At Kent State University, a history professor writes a guest column for the student newspaper praising Palestinian suicide bombers. At Cleveland State University, someone scratches the state of Israel off a globe in the library. At Hiram College, a student hangs a Palestinian flag, and administrators deliberate carefully before coming up with an official stance.
The Middle East conflict has come to a campus near you. And local college and university presidents are struggling to respond wisely and well to a controversy that is generating heated debate around the globe.
"University officials increasingly are taking these incidents seriously and speaking out about the need to keep campuses free of hate," wrote Abraham H. Foxman,
national director of the Anti-Defamation League, in a Nov. 1 article in The Jewish Week. His article, "Divestment Equals Anti-Semitism," focused on the divestment campaign being waged on campuses nationwide.
While local campuses are not involved in the anti-Israel divestment effort – and no single university has taken the call for divestment seriously – university campuses are popular places for strong debate regarding the current situation in the Middle East.
Richard Scaldini, president of Hiram College, thinks that is fitting. He said he encourages honest, open discussion of any hot issue among the 900 undergraduates who attend the private liberal arts college in northern Portage County.
"Where we have strong oppositional opinions, we move to an open forum. We try to inject oxygen into all our debates. The open forum, the public debate, has a rationalizing, curative power that ideas festering in silence don't enjoy.
"It's good education, it's good civics, and it really goes back to the fact that we are developing students for careers, for citizenship, for parenting, and for life in a community where they will have to deal with this diversity," he said.
When the Palestinian student on the Hiram campus was asked to take down his flag because it was hanging in a spot where such displays are not permitted, an open forum was called to discuss the issue and the reasons behind the request.
"It was a terrific meeting. There was no crisis, no activity against the student, no flaying the administration for being biased or insensitive," explained Scaldini.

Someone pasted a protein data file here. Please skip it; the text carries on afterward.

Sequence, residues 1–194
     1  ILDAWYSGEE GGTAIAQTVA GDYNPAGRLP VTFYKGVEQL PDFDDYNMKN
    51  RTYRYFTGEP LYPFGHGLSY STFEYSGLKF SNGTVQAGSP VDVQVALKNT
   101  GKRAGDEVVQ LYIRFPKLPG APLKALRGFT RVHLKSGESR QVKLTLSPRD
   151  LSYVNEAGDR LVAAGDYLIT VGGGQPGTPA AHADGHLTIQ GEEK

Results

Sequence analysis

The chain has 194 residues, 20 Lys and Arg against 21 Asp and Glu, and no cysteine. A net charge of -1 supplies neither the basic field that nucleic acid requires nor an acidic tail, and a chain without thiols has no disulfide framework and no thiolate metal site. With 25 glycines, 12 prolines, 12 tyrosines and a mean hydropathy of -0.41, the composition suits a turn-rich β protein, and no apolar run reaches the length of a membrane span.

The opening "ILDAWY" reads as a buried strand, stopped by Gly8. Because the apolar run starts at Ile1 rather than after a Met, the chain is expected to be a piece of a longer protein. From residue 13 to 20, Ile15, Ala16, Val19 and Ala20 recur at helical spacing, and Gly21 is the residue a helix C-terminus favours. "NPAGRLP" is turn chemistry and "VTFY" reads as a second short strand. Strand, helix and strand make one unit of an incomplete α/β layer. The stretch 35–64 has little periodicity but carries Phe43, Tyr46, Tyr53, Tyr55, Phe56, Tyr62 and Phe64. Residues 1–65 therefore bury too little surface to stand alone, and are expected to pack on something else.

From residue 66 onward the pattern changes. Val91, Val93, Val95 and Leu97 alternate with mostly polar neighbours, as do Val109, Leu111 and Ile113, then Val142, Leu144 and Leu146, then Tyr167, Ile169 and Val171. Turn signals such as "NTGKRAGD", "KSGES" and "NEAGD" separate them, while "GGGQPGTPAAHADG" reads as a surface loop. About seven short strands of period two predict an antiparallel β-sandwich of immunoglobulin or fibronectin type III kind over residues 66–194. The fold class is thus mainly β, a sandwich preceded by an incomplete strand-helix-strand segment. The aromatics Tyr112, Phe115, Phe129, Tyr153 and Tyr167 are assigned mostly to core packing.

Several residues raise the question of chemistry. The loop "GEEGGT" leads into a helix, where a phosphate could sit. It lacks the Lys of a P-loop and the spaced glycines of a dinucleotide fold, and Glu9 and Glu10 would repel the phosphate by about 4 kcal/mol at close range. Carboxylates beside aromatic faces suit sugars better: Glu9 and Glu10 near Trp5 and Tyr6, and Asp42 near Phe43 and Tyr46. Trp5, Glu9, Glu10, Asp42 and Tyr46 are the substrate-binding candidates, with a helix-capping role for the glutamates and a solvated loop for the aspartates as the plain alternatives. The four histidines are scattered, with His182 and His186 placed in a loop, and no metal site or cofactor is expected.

Such incidents give colleges the opportunity to educate people and move the institution to a better place – and "that's the proof of the pudding," he said.
Jeff Rubin, director of communications for Hillel: Foundation for Jewish Life, adds a caveat. "We want to make sure it's a balanced picture that is presented. We're all in favor of free speech on college campuses, as long as it's appropriate and contributes to an atmosphere of discussion and not hatred," he said.
Making the same point when he spoke at the October 27 dedication of Hillel's new international center in Washington, D.C., was Lawrence Bacow, president of Tufts University. "We don't need more shrill voices. Indeed, we need more reasonable voices," he said.
Last April, at least one voice at Kent State University That's when a guest column written by Julio Cesar Pino, an associate professor of history, appeared in the student newspaper the Daily Kent Stater. He praised a young Palestinian suicide bomber, calling her a martyr, not a terrorist. He ended his piece with the prayer that the bomber be given an elevated "place in paradise."
The column touched off a firestorm of debate. Over the next few weeks, the resulting controversy played out in the pages of the student-run publication and spilled over into mainstream media.
The incident ultimately made its way into an article in the New York Post and onto the Campus Watch Web site, which monitors and critiques Middle East studies in North America.
"What happened in the spring was exactly what we expected to happen — the dialogue was playing out in the student newspapers, and staff members were working with student groups" to defuse the situation, explained Carol Cartwright, president of Ohio's second largest university, with more than 33,000 students on eight campuses.
Then, as now, Cartwright frames the issue in terms of academic freedom and First Amendment rights. Although she did not distribute a formal statement on the matter to the university community or to the media, Cartwright did respond by e-mail to individuals who sent her complaints or queries about Pino's column, according to Ron Kirksey, university spokesperson.
In that message, she explained that the university is "not permitted to monitor the personal views of our employees." She also added that Pino's "comments fall under First Amendment protections of free speech. . . We strongly support the free exchange of ideas and strongly oppose hateful speech and actions Rubin says Pino's statements move beyond issues of academic freedom and freedom of speech and into the realm of hate speech.